In that very asking of God to prove Himself, we are asking God to pay the price for our acceptance of Him. God knows full well that we must ask that price because there are false gods around pretending to be Him. The only way we can make sure of the real God is to inquire, to test, to challenge -- so long as it is done with a good and honest truth-seeking spirit. God wants us to challenge Him that way. And He is willing to pay that price.

When we honestly challenge God to prove Himself, we enter into a relationship of vulnerability with Him. To make that honest and realistic, we must do what the disciples did with Jesus, we must allow ourselves to be drawn closer and closer to Himself so that He can reveal to us His true nature.

A strictly intellectual discussion will not do. Theology only tells us about God. That is important, but we need to know something much deeper than a correct view of God. We need to know God Himself, and that requires the vulnerability to which the disciples submitted with Jesus, the risk that we might be going down the wrong track, that this God we are trying to get to know might be a false god, fooling us, entrapping us, enslaving us.

But that is the risk one takes in any possible personal relationship. The other person has a freewill just like myself, the capacity for openness and honesty and good relationship, and equally the capacity for conniving, manipulation, power struggle. Theology and philosophy cannot tell you what kind of person you are engaging. That can come only with vulnerability and experience.

So, when we ask God to prove Himself to us, we are equally going to be tested. We will, as the disciples, have to follow Jesus on the Way of the Cross, to see whether He can indeed lead us to the Father, to forgiveness, to the Kingdom of truth, righteousness, and love.

Jesus will have to put up with our questions, our ignorance, our bumbling -- as He did with the disciples. Jesus will have to put up with our betrayal, running away as He goes through that final stage of the very proof for which we have asked -- the crucifixion and resurrection. "Come, let us reason together" with God -- always, in a fallen world, leads to the crucifixion, which is why it can lead to the resurrection.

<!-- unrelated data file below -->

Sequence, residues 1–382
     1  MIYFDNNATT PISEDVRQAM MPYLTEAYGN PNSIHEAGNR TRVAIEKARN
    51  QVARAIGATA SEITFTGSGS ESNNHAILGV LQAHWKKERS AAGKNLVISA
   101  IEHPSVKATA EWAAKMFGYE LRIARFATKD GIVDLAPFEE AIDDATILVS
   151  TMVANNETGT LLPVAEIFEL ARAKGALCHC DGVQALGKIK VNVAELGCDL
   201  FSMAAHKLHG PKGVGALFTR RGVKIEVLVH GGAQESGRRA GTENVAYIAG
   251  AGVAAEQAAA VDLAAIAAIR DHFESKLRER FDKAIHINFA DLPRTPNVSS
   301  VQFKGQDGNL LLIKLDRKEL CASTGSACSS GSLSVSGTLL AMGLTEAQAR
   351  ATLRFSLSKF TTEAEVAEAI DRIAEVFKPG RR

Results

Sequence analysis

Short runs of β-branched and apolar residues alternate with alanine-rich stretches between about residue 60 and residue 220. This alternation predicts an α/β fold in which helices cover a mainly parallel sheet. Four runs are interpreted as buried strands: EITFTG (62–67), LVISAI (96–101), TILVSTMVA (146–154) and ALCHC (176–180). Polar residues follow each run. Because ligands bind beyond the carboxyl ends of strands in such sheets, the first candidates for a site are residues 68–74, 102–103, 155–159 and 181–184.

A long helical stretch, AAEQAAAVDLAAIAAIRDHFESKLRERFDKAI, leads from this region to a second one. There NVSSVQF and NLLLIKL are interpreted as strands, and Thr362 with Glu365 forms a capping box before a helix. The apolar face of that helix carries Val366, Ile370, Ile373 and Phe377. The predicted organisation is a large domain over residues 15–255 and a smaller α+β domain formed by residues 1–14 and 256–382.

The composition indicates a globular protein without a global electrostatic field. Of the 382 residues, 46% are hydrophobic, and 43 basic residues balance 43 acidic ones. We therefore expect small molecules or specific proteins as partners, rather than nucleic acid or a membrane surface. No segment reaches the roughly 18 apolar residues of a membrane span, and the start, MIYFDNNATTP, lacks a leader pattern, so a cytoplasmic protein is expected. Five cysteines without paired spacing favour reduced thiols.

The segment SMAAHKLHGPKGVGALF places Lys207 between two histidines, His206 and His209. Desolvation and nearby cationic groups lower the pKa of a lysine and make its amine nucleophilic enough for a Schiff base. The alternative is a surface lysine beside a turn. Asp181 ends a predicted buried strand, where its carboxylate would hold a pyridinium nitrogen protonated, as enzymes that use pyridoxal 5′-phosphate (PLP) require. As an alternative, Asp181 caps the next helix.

That is the proof which we must demand -- the proof which alone can make any decision to follow Jesus as Lord and Savior a reasonable and compelling choice.

It is those persons who are interested enough, who really want to find out who Jesus is, and who therefore ask for that proof, who will be saved. Those who do not ask for that proof, pretending to be pious and polite, are not really interested enough in Jesus to venture themselves into such a relationship. They do not really want to "reason together" with Jesus. They want some easy way through to the Kingdom. There is none. We will risk our whole selves or we will not get there. If we do not risk our whole selves into this very proving which we have demanded, then our whole selves cannot be healed and forgiven.

Jesus wants us to ask for this proof. It is precisely the giving of His proof into which we ourselves must be drawn -- so that Jesus can show us that He is who He says He is. There is no other way.

This understanding of atonement is both objective -- Jesus is very real, the Son of God presents Himself in all of His power and glory, and in all of His astonishing humility. And it is subjective -- it draws us, the subjects, into a process of learning, cleansing, and deep changing of our own lives. We will not come out the same persons we went in. It is He who comes out the same Person. And we come out looking more and more like Him.

The children in The Lion, the Witch, & the Wardrobe ask the Beavers if the Lion is safe and good. To which they respond, "Oh, yes! The Lion is very good. But safe? No, He is not safe." When you get into relationship with the Lion of Judah, the Son of God, your life will be turned upside down. It will sometimes be painful and very frightening. Not safe. But it will be good, because in the Fall, you have been living your life upside down. So Jesus has to turn you on your head to get you upright.

The price Jesus pays, willingly, is the price we must demand if we are to be saved, "Prove to us who You really are."

Audio Version

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Date Posted - 04/10/2011    -   Date Last Edited - 07/07/2012